Signals Blog


Welcome to your Update from the Clinic for the month of April. Mesenchymal stem cells took a hit as Athersys’ MultiStem came up short, missing its primary endpoint in a Phase 2 study investigating the cells for ischemic stroke. Juno Therapeutics continues to turn heads with its Phase 1/2 data in blood cancers. NeoStem, a little further along in clinical development, enrolled its first patient in a Phase 3 study investigating an immunotherapy for the treatment of melanoma.

The significant, but unfortunately negative, news this month came from Athersys (ATHX), which for the last decade has been developing MultiStem, an allogeneic, off-the-shelf cell therapy product that is currently being deployed across three key disease areas: cardiovascular, inflammatory/autoimmune, and neurological. The company announced that the Phase 2 study investigating MultiStem in patients failed to meet its primary endpoint (Global Stroke Recovery Assessment), as patients in the treatment group showed no improvement at 90 days relative to placebo. The trial also failed two of its secondary endpoints related to stroke rehabilitation.

This is the second failure for MultiStem in the last year. The therapy also failed to meet its primary endpoint in a Phase 2 study in April of last year for ulcerative colitis. Management believes that patient subsets could be the answer, though data within these groups were not significant either. Without a second asset in development, investors are questioning the fate of the company. Japanese drug maker Chugai is also impacted, after making a $200 million deal with Athersys last year to gain rights to MultiStem in Asia.

Patients with “liquid” cancers, like leukemias, are exhibiting exceptional response rates to CAR-T therapeutics. Juno Therapeutics’ (JUNO) recent results are a testament to this. In a Phase 1 study investigating a CD19-directed CAR-T (JCAR017) in patients with relapsed/refractory acute lymphoblast leukemia (ALL), 91 percent of patients achieved complete remission! The technology was initially developed at Seattle Children’s Research Hospital.

In April of 2014, NeoStem entered into an agreement to acquire California Stem Cell, which gave it access to eltrapuldencel-t (formerly melapuldencel-t), an autologous cell-based immunotherapy under development for metastatic melanoma. NeoStem announced that the first patient in the Phase 3 INTUS study has now been enrolled.

Eltrapuldencel-t is a unique therapy amongst the dendritic cell (DC) immunotherapies. Instead of simply pulsing DCs with whole tumour cells to prime them, the protocol calls for a direct linkage between the DC and tumour cell, which is believed to optimize the presentation of the cancer antigens to T cells within the body. The therapy is being developed under a Special Protocol Assessment (SPA), which would allow NeoStem to gain approval for marketing without the need to complete further clinical studies.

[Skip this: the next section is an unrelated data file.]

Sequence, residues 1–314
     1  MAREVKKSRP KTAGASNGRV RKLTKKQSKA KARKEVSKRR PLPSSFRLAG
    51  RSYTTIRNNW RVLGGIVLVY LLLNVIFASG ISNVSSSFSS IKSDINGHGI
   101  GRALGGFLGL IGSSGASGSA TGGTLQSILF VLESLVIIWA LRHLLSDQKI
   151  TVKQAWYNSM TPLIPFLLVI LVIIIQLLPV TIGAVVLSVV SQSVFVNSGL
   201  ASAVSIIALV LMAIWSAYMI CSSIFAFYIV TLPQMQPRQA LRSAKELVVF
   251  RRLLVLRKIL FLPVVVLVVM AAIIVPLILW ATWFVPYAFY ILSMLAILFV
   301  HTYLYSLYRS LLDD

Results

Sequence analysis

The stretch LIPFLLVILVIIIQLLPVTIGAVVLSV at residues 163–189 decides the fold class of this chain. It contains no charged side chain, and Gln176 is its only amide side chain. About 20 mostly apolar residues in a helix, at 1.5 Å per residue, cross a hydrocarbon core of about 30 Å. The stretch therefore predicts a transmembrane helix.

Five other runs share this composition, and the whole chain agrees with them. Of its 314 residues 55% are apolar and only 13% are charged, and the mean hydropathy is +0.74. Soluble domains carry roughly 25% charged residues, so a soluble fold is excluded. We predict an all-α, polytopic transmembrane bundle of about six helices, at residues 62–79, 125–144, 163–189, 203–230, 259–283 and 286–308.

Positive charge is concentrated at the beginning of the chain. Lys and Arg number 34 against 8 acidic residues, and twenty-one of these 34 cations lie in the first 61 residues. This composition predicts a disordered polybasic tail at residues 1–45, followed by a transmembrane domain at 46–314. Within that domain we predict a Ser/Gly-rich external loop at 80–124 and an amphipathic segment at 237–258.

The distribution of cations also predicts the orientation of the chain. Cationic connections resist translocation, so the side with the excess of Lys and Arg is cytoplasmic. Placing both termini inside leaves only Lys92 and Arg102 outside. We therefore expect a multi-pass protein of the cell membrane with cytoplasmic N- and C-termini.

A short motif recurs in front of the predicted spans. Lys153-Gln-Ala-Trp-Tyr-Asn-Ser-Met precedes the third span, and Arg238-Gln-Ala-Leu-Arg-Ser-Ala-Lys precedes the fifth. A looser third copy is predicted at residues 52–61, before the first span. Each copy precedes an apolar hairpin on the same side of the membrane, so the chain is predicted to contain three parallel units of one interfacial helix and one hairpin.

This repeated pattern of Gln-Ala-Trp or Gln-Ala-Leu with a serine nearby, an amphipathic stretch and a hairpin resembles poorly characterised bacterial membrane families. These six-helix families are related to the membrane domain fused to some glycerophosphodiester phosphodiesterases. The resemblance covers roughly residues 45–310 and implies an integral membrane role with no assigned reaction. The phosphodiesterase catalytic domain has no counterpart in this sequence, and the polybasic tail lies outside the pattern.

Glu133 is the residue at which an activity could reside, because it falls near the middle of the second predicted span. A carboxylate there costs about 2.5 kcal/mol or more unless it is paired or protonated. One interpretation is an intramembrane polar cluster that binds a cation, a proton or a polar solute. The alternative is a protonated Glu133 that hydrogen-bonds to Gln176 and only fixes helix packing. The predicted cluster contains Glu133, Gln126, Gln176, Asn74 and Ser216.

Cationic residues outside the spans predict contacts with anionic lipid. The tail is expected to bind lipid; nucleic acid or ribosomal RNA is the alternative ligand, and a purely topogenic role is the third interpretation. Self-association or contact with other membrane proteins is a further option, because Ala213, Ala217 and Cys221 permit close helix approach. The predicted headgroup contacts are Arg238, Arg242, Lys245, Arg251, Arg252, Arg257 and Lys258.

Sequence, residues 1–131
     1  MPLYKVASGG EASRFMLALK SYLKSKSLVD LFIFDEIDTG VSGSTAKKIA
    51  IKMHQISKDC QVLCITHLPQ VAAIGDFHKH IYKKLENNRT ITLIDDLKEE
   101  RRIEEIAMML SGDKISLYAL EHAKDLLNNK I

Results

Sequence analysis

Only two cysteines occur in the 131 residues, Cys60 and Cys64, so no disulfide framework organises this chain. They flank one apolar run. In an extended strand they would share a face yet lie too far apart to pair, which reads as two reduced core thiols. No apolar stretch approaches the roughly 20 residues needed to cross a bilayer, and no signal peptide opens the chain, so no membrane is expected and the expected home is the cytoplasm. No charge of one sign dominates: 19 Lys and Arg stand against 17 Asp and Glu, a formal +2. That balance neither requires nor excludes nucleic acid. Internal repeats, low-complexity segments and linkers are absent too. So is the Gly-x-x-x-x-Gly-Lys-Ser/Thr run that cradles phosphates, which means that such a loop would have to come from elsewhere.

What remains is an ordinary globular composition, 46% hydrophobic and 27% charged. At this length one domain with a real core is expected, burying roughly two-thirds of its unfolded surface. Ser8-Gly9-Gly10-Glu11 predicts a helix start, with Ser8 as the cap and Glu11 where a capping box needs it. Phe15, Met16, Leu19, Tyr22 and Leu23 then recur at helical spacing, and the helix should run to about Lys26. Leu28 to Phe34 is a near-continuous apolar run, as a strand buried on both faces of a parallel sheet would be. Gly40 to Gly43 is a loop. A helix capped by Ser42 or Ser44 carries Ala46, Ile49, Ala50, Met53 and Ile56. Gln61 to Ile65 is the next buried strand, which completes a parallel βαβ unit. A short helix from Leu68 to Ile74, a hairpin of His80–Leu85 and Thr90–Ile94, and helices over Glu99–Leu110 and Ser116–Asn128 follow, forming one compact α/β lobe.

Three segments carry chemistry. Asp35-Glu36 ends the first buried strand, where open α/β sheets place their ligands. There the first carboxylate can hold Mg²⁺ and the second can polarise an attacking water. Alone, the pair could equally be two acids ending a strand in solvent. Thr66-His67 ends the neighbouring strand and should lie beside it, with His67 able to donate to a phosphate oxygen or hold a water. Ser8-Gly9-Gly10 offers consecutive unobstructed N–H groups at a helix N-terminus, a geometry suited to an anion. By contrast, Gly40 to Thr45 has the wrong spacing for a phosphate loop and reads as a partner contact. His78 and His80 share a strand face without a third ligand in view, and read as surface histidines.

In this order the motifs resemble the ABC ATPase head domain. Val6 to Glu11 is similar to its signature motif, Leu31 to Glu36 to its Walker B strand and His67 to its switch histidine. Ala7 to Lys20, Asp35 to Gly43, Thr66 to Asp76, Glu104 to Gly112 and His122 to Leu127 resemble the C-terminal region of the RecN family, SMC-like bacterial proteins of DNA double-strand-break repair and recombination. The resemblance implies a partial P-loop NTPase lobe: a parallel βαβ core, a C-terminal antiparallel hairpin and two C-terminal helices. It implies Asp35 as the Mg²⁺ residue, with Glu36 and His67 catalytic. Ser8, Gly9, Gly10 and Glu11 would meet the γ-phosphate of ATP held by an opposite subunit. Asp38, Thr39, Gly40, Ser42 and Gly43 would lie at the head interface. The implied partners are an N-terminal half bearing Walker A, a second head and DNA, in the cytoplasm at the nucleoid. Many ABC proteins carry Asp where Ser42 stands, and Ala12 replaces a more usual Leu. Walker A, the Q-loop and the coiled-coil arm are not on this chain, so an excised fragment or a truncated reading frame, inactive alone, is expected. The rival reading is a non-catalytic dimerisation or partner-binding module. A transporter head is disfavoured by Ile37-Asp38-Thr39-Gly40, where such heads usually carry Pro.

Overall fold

Disclaimer: “Update from the Clinic” is a blog post generated by news flow from public regenerative medicine (RM) companies around the globe. As CCRM has public RM companies in its industry consortium, and the number of such companies is relatively limited on a global scale, Mark Curtis will sometimes include CCRM consortium members in his review. This blog post is provided for general information only and nothing contained in the material constitutes a recommendation for the purchase or sale of any security. The author is not a shareholder of any public RM company. To see a list of CCRM’s industry consortium members, please visit

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Mark Curtis

Mark Curtis

Mark is a Business Development Analyst at the Centre for Commercialization of Regenerative Medicine (CCRM), where he collaborates with the team to help evaluate the commercial potential of regenerative medicine and cell therapy technologies. He began his career at Princess Margaret Hospital studying cellular reprogramming of human skin cells. Following this project, he left the laboratory and took on a role with Bloom Burton & Co., a healthcare-focused investment dealer. While there he supported the advisory team in carrying out scientific diligence on early-stage biotechnology companies. Prior to joining CCRM he was a consultant to Stem Cell Therapeutics, a Toronto-based biotechnology company focused on developing therapeutics targeting cancer stem cells. Mark received a Master’s degree from the University of New South Wales in Sydney, where he studied the directed differentiation of embryonic stem cells, and a Bachelor’s degree in Biology, from Queen’s University. Follow Mark on Twitter @markallencurtis
Mark Curtis

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